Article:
The second heat race would get underway with Hawthorn and Wharton immediately setting off to fight an epic battle at the front of the field. Whitehead would make a good start but would still be tucked right in the middle of the pack.
The pace of Wharton and Hawthorn up front would be quick. In fact, the pace was proving to be a bit faster than the first heat. This was putting pressure on many of the contenders. Louis Chiron and Harry Schell fell out of contention up at the front of the field and would begin to drift down the top ten. Roy Salvadori would be one of the few that was able to push his car hard and would manage to make his way up to 3rd place. Surprisingly, Peter Whitehead would be the one giving chase of Salvadori.
When Trintignant's transmission failed him with one lap remaining in the heat, Whitehead found himself nine seconds ahead of Chiron and ten seconds behind Salvadori in the 4th position overall. However, neither he nor Salvadori would be able to keep pace with Wharton and Hawthorn.
The duel between Wharton and Hawthorn had been truly epic. In an effort to break free from Wharton, Hawthorn would set the fastest lap of the race with a time of one minute and fifty-one seconds. However, Hawthorn could not shake Wharton who would remain thoroughly locked to the backside of Hawthorn's Ferrari.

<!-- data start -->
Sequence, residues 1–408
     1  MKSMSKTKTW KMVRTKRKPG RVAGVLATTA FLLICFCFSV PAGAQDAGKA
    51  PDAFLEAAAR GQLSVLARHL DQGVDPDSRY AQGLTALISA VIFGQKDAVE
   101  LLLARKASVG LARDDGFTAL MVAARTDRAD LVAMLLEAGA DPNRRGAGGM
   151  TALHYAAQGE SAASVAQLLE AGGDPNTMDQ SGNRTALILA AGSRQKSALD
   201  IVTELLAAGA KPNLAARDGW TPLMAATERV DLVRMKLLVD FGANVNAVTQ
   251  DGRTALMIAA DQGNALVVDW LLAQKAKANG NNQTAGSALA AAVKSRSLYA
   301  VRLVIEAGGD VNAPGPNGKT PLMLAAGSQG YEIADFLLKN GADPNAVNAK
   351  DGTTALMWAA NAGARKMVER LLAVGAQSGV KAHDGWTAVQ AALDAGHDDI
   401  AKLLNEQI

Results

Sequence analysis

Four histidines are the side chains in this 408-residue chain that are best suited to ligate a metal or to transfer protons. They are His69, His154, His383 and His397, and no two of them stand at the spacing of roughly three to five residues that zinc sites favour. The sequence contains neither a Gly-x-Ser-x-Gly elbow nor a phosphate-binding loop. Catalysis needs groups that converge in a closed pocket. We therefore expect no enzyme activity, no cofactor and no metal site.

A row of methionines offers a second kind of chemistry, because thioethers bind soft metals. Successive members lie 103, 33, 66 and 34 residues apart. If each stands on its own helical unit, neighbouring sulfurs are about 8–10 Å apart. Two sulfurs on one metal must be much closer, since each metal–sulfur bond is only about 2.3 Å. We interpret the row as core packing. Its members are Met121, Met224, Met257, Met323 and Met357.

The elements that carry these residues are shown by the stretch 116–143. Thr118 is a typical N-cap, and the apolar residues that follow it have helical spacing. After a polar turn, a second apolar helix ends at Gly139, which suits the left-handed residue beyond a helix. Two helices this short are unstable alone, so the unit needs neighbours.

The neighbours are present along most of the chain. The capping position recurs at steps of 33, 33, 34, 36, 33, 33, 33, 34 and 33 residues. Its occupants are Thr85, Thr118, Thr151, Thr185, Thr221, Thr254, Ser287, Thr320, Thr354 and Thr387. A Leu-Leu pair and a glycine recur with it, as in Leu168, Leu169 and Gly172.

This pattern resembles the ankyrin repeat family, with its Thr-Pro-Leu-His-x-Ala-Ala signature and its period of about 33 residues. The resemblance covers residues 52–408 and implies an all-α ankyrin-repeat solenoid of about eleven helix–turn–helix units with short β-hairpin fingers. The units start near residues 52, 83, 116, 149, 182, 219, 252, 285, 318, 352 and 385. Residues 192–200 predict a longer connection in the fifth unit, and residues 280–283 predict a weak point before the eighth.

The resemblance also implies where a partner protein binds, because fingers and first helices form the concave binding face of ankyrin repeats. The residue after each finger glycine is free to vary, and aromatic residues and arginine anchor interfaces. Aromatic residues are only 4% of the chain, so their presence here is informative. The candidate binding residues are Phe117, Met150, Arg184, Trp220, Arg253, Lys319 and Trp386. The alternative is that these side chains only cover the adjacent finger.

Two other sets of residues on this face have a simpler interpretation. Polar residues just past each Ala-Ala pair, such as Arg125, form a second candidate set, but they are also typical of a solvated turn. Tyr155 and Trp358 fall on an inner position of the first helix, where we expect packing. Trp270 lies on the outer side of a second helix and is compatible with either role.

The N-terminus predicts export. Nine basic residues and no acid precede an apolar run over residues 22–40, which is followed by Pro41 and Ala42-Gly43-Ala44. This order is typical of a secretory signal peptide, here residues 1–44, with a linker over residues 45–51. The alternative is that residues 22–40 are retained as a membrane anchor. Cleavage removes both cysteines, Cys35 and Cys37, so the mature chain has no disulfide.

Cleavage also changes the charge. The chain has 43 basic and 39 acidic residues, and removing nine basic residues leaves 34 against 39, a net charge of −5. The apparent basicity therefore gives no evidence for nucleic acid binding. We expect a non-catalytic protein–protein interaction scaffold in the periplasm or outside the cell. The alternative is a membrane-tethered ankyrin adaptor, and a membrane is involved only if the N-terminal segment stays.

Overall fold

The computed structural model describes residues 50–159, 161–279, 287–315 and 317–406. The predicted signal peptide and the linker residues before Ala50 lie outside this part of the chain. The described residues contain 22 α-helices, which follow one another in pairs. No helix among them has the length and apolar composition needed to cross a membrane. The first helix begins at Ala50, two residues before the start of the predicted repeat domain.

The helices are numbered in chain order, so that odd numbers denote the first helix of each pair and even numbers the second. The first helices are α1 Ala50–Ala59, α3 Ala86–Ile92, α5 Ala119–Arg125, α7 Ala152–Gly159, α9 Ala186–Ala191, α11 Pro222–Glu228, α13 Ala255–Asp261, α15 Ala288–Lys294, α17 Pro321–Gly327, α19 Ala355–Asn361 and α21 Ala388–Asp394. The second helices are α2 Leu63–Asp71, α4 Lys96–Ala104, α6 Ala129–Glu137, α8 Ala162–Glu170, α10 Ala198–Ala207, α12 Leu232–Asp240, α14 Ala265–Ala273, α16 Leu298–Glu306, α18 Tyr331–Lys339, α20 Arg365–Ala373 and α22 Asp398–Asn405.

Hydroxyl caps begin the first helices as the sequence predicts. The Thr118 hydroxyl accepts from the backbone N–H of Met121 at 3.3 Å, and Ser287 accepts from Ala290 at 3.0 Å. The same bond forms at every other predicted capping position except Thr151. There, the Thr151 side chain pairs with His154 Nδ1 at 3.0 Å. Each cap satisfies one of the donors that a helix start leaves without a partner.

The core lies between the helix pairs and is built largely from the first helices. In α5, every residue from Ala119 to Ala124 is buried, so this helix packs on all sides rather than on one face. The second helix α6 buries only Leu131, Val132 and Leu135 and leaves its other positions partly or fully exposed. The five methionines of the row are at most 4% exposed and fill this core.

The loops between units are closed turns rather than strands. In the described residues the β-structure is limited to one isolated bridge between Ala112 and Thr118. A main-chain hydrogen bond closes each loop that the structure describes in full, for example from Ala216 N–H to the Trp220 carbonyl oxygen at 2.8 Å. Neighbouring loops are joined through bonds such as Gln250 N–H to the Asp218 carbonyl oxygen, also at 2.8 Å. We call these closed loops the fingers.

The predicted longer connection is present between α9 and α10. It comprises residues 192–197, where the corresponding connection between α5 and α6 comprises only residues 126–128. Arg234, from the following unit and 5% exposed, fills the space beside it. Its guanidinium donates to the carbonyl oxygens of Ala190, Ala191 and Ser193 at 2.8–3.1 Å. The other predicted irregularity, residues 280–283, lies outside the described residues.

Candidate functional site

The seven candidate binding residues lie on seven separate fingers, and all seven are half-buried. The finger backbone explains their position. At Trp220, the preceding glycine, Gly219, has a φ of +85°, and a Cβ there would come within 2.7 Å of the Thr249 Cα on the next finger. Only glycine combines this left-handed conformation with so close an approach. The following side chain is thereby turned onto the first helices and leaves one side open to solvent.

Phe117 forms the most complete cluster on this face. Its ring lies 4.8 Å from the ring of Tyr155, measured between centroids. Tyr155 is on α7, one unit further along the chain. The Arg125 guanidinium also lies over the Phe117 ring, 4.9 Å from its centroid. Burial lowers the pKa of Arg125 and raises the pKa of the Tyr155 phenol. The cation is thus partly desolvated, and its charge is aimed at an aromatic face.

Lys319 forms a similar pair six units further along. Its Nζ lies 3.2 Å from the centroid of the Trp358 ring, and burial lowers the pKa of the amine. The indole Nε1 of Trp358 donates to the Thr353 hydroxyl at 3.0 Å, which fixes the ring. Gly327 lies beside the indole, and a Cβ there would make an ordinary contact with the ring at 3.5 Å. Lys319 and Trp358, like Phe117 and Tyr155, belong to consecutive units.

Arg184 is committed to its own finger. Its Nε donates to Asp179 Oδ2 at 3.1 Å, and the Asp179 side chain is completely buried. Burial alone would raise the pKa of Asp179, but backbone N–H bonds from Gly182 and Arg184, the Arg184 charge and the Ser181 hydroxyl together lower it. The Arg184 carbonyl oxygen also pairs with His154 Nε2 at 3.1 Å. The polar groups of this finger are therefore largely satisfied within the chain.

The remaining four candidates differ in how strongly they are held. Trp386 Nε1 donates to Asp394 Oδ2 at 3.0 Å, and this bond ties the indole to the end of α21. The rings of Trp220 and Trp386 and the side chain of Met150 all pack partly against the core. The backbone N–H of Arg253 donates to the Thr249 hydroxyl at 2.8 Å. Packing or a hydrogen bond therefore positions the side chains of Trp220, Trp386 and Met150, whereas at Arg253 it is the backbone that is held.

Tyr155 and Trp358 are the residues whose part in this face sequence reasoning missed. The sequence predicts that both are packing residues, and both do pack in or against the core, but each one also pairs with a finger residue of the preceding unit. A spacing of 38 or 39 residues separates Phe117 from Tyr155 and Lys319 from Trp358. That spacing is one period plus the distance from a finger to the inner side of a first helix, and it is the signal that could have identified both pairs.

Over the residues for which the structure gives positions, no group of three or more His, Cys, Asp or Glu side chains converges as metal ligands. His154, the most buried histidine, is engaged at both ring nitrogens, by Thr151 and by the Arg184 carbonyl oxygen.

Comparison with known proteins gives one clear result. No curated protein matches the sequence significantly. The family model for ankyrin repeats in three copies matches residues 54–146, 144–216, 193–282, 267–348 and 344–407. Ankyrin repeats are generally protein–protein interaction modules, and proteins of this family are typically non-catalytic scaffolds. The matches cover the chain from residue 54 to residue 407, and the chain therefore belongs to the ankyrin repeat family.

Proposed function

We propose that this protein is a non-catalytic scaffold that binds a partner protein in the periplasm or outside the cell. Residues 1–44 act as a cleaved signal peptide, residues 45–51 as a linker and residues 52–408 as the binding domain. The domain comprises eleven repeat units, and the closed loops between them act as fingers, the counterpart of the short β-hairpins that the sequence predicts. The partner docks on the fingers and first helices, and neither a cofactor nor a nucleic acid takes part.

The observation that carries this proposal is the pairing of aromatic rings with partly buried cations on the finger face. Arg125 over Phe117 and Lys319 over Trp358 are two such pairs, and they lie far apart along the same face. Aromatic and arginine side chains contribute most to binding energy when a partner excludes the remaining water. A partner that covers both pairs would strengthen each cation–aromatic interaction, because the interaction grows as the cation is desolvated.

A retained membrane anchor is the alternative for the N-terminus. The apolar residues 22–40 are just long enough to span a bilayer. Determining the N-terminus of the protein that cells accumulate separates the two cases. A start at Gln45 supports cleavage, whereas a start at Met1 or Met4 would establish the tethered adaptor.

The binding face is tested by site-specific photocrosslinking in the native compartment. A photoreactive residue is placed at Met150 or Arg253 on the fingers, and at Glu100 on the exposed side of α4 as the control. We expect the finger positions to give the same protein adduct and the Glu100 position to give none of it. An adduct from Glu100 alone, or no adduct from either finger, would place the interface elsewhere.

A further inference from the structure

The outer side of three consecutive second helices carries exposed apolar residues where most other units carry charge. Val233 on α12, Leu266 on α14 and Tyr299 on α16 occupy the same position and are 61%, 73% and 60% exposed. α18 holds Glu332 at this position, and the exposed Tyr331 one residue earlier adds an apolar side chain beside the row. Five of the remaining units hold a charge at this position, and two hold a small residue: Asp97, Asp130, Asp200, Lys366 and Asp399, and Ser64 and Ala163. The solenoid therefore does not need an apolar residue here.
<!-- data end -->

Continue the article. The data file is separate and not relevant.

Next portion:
Though Wharton would fight with everything he had, Hawthorn would manage to fend off the challenge and would take the win. Hawthorn's finishing time of twenty-eight minutes and twenty-three seconds would be thirty-six seconds faster than de Graffenried's effort in the first heat. This would be important heading into the final.
Hawthorn would take the victory by a mere second over Wharton in what had been a truly splendid duel around the 2.88 mile circuit. Fifty seconds would then separate Hawthorn and Wharton from Roy Salvadori who would cross the line in 3rd place. Ten seconds would then pass before Whitehead would come across the line in a very impressive 4th place. This was a truly impressive performance by Whitehead given the fact he started 10th and had a number of very talented drivers starting on the grid ahead of him.